New tool helps decide what drugs to include in health care formularies

May 22, 2012

A new tool that could provide a useful framework for deciding what medicines to include in drug formularies is presented in this week's PLoS Medicine by the experts from Harvard Medical School and the University of Illinois at Chicago who developed it.

The experts, led by Gordon Schiff, say: "Formularies and committees that oversee them are present in some form in virtually every US hospital and outpatient drug plan and are highly visible components of public benefits in many countries. Thus decisions made by these committees directly or indirectly impact every prescriber, , and patient."

Although considerable attention has been devoted to their role in cost containment, the authors argue that "formularies' role in guiding rational remains underdeveloped and could be improved by a more standardized critical evaluation of drugs proposed for formulary placement."

So in a joint project, the authors developed a tool consisting of checklist of 48 questions for evaluating drugs to be considered for inclusion in the formulary related to the evidence of need, efficacy, , misuse potential, cost issues, and decision-making process.

The authors say: "The checklist can facilitate more standardized and critical scrutiny of the evidence and therapeutic alternatives. It can educate new committee members, guide discussions of drugs proposed for formulary addition, and be used to evaluate the quality of committee decision making."

The authors conclude: "we offer the tool for a broader audience to use and test. We hope that it will prove useful in improving the quality of formulary decision making and stimulating debate related to critical questions that need to be asked, highlighting essential data needed to more safely prescribe drugs."

Explore further: US Medicaid drug lists cost more, deliver less

More information: Schiff GD, Galanter WL, Duhig J, Koronkowski MJ, Lodolce AE, et al. (2012) A Prescription for Improving Drug Formulary Decision Making. PLoS Med 9(5): e1001220. doi:10.1371/journal.pmed.1001220

Related Stories

US Medicaid drug lists cost more, deliver less

June 17, 2011
The U.S. Medicaid program is likely paying far more than necessary for medications and not offering patients the most effective ones available, by ignoring international evidence-based lists of safe and effective medications, ...

New drugs should be compared with existing treatments before approval, say experts

September 7, 2011
Manufacturers should have to show how their drugs compare to existing treatments before approval to help ensure that the most beneficial and safest therapies reach patients and that limited healthcare resources are invested ...

FDA could analyze public health consequences of its decisions better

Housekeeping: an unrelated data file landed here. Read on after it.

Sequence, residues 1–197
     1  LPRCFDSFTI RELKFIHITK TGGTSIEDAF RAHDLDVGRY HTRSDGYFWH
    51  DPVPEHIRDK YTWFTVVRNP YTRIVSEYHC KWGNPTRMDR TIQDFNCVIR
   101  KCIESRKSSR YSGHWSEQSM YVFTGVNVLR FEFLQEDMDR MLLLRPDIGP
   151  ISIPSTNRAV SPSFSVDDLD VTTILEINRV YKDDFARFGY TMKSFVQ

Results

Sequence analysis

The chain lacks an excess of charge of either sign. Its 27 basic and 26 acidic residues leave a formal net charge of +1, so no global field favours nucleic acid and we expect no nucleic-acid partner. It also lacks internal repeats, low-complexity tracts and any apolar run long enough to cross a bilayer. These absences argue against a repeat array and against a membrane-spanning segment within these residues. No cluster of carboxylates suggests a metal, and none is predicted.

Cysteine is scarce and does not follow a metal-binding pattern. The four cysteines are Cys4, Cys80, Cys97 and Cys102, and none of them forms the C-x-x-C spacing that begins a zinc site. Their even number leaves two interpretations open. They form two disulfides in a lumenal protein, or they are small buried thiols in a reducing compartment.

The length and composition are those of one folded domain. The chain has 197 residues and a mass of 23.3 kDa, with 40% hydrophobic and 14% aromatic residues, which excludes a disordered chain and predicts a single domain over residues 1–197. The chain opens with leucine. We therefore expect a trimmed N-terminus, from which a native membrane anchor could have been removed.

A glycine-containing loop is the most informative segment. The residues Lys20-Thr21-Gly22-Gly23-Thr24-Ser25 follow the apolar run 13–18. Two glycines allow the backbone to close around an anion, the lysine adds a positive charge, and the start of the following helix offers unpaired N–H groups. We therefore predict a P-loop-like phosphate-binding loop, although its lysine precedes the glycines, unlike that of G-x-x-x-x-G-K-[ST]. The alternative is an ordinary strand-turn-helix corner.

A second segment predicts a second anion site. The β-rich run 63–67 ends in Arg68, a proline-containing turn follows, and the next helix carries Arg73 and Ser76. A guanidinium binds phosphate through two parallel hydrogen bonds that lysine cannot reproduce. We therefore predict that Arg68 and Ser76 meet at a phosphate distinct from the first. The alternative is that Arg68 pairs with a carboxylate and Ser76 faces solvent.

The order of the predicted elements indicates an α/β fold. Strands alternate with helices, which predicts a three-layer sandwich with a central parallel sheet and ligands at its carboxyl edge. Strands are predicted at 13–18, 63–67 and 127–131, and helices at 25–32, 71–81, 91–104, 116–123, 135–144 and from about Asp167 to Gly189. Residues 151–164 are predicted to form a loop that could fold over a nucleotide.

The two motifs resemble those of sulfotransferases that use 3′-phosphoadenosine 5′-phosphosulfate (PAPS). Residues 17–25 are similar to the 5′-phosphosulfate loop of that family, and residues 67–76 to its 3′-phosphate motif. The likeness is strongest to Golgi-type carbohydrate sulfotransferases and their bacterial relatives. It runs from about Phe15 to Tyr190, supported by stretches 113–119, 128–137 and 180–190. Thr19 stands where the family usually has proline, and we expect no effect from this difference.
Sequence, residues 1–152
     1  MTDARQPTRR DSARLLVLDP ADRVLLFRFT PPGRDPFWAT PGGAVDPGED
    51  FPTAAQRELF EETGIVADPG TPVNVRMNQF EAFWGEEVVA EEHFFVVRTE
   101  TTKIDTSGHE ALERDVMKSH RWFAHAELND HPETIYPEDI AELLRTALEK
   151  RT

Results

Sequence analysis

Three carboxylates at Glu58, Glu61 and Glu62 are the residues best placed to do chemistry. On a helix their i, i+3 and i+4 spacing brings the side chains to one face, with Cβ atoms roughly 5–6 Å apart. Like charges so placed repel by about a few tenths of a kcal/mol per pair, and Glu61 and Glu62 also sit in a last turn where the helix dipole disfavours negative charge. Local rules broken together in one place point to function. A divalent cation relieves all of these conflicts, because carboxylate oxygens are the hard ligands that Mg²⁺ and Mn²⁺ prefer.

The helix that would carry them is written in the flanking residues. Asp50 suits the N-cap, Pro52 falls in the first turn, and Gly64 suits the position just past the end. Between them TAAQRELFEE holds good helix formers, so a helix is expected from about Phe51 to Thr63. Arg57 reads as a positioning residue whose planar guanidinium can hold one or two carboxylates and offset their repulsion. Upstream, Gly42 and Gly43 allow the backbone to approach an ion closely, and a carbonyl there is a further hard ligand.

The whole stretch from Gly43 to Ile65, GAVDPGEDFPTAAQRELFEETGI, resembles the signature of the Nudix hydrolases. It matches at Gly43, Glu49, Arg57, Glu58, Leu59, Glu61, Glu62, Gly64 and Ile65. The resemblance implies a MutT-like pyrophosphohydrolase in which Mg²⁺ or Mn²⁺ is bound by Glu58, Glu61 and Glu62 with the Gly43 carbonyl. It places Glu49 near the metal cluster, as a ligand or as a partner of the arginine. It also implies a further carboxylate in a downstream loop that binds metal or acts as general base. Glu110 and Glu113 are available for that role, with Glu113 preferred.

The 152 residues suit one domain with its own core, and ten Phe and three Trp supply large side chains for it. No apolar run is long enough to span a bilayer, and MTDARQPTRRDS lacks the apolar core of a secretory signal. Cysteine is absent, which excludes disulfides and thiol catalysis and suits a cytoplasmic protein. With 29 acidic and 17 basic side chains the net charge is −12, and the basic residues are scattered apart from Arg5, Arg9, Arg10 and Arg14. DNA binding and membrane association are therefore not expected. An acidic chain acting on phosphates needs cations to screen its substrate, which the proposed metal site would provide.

May 9, 2011
A new report from the National Research Council lays out a framework for the U.S. Food and Drug Administration to systematically evaluate and compare the public health consequences of its decisions concerning a wide variety ...

Recommended for you

Fighting opioid addiction in primary care—new study shows it's possible

October 18, 2017
For many of the 2 million Americans addicted to opioids, getting good treatment and getting off prescription painkillers or heroin may seem like a far-off dream.

With no morphine, 25 million die in pain each year: report

October 13, 2017
Every year, some 25 million people—one in ten of them children—die in serious pain that could have been alleviated with morphine at just a few cents per dose, researchers said Friday.

Study finds few restrictions on Rx opioids through Medicare

October 9, 2017
Medicare plans place few restrictions on the coverage of prescription opioids, despite federal guidelines recommending such restrictions, a new Yale study finds. The research results highlight an untapped opportunity for ...

Nocebo effect: Does a drug's high price tag cause its own side effects?

October 5, 2017
Pricey drugs may make people more vulnerable to perceiving side effects, a new study suggests—and the phenomenon is not just "in their heads."

Pre-packaged brand version of compounded medication to prevent preterm births costs 5,000 percent more

October 2, 2017
Preventing a preterm birth could cost as little as $200 or as much as $20,000, depending on which one of two medications a doctor orders, according to a new analysis from Harvard Medical School.

Cancer drugs' high prices not justified by cost of development, study contends

September 12, 2017
(HealthDay)— Excusing the sky-high price tags of many new cancer treatments, pharmaceutical companies often blame high research and development (R&D) costs.

0 comments

Please sign in to add a comment. Registration is free, and takes less than a minute. Read more

Click here to reset your password.
Sign in to get notified via email when new comments are made.